National Agricultural Law Center Outlines Important Ag Law Issues

Harrison M. Pittman, Elizabeth Rumley and Rusty Rumley of the National Agricultural Law Center, recently penned an interesting article titled, “14 ag law stories that could change the way you farm.”

The authors noted that, “Since 2015, there have been a number of legal developments for the agricultural sector. Many of these issues will continue to play out over the next year and will impact agriculture throughout the Mid-South and other regions of the country.

“In particular, there were important developments in environmental regulation of agriculture, food safety regulation, and use of drones in agriculture.”

The labeling of genetically modified foods was an issue identified in the article; the authors indicated that, “The issue of GM food labeling continues to be a hotly debated and controversial issue playing out at both state and federal levels of government.

“The Vermont GMO labeling law, set to go into effect on July 1, 2016, would be the first state law requiring mandatory labeling of certain foods containing GM ingredients. The Vermont law would require GM products to be labeled as ‘Produced with Genetic Engineering’ unless it falls under an exemption.”

Recall that the Senate failed to pass a measure to address this issue this week (a recap of this debate is available here), and the article also noted that, “An Ag & Food Law Consortium webinar from July 2015 provides an update on legal issues in GM labeling.”

Another issue identified in the article was food safety.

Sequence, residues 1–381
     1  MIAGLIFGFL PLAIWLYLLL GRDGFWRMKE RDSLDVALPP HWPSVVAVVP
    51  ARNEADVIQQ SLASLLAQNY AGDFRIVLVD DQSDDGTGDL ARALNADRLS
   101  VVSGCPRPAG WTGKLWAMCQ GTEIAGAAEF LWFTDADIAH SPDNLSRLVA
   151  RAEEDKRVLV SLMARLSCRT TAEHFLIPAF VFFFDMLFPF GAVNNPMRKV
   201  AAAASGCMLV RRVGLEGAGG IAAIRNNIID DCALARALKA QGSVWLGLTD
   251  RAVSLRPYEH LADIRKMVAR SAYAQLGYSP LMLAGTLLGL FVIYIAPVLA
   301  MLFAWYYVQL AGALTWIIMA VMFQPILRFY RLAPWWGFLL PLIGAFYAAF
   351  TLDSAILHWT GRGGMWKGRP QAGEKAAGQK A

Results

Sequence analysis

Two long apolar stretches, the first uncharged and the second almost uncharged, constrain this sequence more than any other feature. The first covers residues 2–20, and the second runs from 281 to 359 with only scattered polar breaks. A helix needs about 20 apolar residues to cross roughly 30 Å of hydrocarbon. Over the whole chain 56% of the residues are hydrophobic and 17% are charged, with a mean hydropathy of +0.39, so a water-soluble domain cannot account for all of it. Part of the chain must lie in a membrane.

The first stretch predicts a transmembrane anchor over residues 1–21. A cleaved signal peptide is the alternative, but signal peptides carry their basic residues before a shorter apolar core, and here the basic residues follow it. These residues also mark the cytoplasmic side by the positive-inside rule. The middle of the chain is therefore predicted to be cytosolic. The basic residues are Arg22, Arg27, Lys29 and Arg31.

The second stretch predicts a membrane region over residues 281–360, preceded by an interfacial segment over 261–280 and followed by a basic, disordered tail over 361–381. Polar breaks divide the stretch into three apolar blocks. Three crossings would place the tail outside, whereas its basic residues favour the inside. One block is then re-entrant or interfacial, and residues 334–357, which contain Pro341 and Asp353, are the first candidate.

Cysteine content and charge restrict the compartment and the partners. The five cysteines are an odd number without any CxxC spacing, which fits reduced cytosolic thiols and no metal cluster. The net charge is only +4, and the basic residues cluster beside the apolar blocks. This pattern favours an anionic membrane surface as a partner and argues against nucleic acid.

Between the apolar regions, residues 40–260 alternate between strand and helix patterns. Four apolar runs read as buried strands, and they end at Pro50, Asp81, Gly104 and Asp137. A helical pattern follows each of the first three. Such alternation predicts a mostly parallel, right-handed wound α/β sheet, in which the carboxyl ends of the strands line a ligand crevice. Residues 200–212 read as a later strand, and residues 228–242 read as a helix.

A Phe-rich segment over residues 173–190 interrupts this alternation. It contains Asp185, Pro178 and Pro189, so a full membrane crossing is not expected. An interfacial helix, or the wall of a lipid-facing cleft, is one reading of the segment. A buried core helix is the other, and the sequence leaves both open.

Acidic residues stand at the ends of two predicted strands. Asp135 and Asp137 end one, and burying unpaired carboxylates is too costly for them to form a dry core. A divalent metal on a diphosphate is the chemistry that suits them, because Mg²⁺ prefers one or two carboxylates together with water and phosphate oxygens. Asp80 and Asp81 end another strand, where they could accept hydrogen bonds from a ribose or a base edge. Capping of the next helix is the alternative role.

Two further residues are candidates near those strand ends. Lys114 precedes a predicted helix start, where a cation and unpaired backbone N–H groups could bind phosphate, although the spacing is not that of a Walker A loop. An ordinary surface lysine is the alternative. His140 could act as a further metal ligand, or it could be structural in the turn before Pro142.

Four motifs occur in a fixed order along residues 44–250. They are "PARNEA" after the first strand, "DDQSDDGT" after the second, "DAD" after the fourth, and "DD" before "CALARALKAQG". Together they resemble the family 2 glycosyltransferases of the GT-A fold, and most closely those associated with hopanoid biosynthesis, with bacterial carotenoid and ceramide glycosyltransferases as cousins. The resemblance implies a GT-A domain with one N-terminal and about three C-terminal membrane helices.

Specifically, the authors pointed out that, “While the Food Safety Modernization Act (FSMA) was signed into law almost five years ago, 2015 was an important year in terms of implementation. Two major regulations — the ‘produce safety rule’ and the ‘good manufacturing practices’ rule — were finalized.

The produce safety rule addresses growing, harvesting, and packing holding conditions of fruits and vegetables that are typically consumed raw. The good manufacturing practices rule outlines requirements, including the necessity of a written food safety plan and monitoring preventative controls that covered facilities must meet.

“Together, these rules regulate the majority of food that American consumers purchase and consume.”

With respect to the Endangered Species Act, the paper stated that: “The Endangered Species Act, a federal law meant to protect endangered and threatened species, continues to stir controversy. Lawsuits have been filed against the U.S. Fish and Wildlife Service (FWS) by organizations in several states, asking that specific species be ‘delisted‘ and protections for those species be removed.

“Other new lawsuits argue to the contrary — that FWS acted wrongfully in refusing to list other species, denying them the protection of the law.

“Meanwhile, Congress has considered several bills and dozens of riders that might change either the mechanism of the law itself or the ability of FWS to enforce its provisions.

An Ag & Food Law Consortium webinar provides a basic overview of the structure, operation, and implementation of the Endangered Species Act.”

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